Last Updated on January 7, 2023 by Soumya
Have you heard of the unique coracle ride of Hampi? I am sure you have. After all, a coracle ride is one of the best things to do in Hampi.
We rode a coracle in Hampi right in front of the Kondandarama Temple and thoroughly enjoyed the experience. That’s why I have this quick guide to take you through the process of riding a coracle on the calm waters of Tungabhadra.
You will learn
- All about why you should ride a coracle especially in Hampi Karnataka.
- Things to see and experience during the ride.
- Practical information (prices, places, tips) to plan your Hampi coracle ride.
If you don’t feel like going on a coracle ride in Hampi, feel free to check our other articles on Hampi including the one on the most attractive temples of Hampi.
If you are raring to go on an adventurous coracle tour, read on to craft your own coracle ride itinerary in Hampi.
Complete guide to the coracle ride of Hampi
When we started planning for our Hampi trip, my risk-taker husband included the coracle-ride in our Hampi itinerary.
Obviously, there were a hundred questions running through my mind because I have very basic swimming skills. Maybe they are running through your mind too. So, let’s find out.
Is a Hampi coracle ride right for you?
I have often heard conflicting opinions on the coracle ride in Hampi. Many-a-time, people are scared. And that is normal.
Sitting and crossing a deep river on a rounded cane boat (God knows how stable is that!) can be scary.
At other times, people do not have much information. I did not either when I started planning for it. That is one of the most important reasons why I decided to have a separate post on the Hampi Coracle Ride.
I have provided here as much information I could gather on the ride. A lot of it is from my personal experience of riding a coracle in Hampi. The rest is from my personal research on the internet as well as from conversations with friends who have done it.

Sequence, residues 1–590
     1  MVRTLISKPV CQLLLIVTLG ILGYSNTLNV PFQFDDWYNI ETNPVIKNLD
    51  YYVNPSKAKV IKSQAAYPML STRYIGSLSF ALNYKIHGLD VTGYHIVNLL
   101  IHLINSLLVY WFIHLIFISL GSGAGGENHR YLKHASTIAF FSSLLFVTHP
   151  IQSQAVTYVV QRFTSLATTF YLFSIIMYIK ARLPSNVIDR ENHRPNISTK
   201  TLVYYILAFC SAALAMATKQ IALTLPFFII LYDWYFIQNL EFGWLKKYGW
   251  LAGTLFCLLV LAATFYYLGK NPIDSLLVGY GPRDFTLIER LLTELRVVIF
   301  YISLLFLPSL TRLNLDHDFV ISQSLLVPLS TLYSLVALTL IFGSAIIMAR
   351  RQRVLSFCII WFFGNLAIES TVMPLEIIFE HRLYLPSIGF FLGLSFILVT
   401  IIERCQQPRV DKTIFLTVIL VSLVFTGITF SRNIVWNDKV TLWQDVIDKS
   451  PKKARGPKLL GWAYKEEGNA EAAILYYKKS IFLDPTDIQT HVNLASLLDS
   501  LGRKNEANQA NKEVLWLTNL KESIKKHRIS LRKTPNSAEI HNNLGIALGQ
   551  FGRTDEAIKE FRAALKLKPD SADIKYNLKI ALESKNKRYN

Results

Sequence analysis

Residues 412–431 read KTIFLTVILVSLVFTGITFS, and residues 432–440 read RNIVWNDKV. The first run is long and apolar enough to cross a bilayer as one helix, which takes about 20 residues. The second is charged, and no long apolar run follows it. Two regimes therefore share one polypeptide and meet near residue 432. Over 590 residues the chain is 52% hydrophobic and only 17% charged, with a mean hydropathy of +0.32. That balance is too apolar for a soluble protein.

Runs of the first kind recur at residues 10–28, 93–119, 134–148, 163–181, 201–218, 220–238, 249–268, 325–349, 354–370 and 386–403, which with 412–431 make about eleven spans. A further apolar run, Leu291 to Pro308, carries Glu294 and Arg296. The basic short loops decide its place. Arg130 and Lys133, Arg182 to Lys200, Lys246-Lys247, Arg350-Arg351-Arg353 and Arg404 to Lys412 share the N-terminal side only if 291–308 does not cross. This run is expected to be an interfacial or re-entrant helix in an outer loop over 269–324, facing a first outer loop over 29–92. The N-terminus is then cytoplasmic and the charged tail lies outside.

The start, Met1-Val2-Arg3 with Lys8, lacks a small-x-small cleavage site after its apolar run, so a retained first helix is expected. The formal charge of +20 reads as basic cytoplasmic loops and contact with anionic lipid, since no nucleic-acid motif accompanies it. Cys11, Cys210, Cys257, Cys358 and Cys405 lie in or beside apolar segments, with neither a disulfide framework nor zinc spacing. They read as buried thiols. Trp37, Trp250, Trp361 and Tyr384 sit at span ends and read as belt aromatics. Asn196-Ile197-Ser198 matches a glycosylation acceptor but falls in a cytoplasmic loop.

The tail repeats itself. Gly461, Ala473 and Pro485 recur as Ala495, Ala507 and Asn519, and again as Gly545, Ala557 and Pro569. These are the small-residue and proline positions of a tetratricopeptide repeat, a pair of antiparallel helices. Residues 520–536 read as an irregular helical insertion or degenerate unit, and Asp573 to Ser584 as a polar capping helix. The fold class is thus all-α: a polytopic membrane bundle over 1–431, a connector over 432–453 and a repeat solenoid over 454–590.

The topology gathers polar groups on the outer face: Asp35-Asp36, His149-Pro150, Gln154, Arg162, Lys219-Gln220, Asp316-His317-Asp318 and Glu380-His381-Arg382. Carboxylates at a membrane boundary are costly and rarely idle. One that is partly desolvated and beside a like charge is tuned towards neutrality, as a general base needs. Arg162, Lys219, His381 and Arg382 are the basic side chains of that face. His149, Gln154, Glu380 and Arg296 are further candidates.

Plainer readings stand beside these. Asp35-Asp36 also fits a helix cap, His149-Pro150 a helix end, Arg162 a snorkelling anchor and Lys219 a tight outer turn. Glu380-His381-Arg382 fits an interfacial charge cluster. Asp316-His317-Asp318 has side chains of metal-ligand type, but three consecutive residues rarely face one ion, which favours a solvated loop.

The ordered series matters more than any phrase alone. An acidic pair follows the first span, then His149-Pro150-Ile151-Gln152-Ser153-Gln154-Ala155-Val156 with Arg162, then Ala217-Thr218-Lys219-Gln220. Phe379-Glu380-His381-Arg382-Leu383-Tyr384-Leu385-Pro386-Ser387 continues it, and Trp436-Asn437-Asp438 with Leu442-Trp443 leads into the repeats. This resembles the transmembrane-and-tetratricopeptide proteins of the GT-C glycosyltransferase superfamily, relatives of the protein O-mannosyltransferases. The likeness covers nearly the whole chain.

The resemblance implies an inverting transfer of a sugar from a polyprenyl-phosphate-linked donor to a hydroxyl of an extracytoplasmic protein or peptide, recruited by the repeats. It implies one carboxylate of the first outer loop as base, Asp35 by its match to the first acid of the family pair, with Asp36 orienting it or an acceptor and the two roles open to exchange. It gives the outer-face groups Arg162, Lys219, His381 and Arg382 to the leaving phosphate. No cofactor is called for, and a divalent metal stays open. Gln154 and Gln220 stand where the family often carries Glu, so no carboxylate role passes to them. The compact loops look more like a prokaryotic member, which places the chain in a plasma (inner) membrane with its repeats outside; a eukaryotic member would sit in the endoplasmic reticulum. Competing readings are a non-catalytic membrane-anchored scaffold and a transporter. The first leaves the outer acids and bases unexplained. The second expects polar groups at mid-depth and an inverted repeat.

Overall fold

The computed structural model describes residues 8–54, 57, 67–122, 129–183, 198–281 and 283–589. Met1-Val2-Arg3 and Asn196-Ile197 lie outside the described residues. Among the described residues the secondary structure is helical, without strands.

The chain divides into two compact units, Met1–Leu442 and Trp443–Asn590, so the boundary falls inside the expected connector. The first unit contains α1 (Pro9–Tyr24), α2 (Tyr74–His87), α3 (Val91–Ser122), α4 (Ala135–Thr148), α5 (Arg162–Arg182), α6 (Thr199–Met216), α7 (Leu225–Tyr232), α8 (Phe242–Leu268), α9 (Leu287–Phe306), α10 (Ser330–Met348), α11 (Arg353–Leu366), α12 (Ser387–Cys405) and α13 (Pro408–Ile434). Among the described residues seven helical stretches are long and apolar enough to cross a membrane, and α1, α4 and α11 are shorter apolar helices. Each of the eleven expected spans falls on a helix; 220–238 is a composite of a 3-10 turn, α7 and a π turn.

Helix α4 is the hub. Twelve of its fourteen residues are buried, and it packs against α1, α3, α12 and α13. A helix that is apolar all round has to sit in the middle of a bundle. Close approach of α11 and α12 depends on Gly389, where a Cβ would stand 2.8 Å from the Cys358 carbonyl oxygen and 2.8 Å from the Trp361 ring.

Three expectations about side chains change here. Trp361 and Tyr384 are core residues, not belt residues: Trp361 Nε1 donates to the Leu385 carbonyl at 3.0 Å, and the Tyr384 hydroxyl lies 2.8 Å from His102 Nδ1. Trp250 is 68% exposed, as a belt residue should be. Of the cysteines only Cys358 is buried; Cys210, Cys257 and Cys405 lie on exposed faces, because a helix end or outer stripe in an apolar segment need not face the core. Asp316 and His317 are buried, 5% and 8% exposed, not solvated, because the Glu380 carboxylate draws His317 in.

I hope this article will dispel your fears and clear all your doubts regarding this fun coracle ride in Hampi. If you still need some clarifications, please drop me a comment below and I will get back to you.
If you are visiting Hampi, do not forget to check out the 14 most beautiful temples of Hampi.
What is a coracle?
Coracles, also known as Dongis sometimes, are round boats traditionally used to ferry people and livestock across rivers. They have been used in many parts of Asia such as India and Vietnam as well as in parts of Europe such as Wales and Ireland. The name “coracle” actually comes from the original Welsh word for the boat, “cwrwgl”.
The coracles of Hampi are made of bamboo and plastic. They are used to take tourists, max 6-8 people at a time, across the Tungabhadra river for an enjoyable ride.
Coracles have been used from the times of the Vijayanagara Empire to transport people. The ride may include stops at a few locations in order to explore the nearby temples. Let’s have a look at the details.
Things to do and see during Hampi coracle ride
How to get started?
The ride involves getting into the coracle with the helmsman. He will hold the boat as you board it. You can also request for life jackets.
The boat was strong and stable and put an end to all my fears of overturning once I boarded it. Since, the river is flanked by boulders on both sides, it does not get very windy either.
And our helmsman was an expert. He asked us to arrange ourselves so that the weight was equally distributed.
What will you see during your coracle ride in Hampi?
As you glide through the waters, you will notice a number of rock-cut temples on your sides. Perched atop boulders or carved into caves, these temples make a pretty sight.
You will notice stairs at many places. Those are the spots where you can alight and explore. Some of the temples are still in use. You will see remains of worship and offerings lying around sometimes. I have a strong feeling there should be dustbins around, but sadly there aren’t.
You will also notice big holes in the boulders as you cross them. These are the results of erosion when rainwater raises the levels of water in Tungabhadra. The rainy season is considered dangerous to ride a coracle and these services are closed at that time.
The best part of the trip is going beneath a huge boulder. At the end of the path, we noticed a huge rock with a small gap beneath it. The helmsman told us that we would be going underneath it. For a moment, we did not even think it was possible.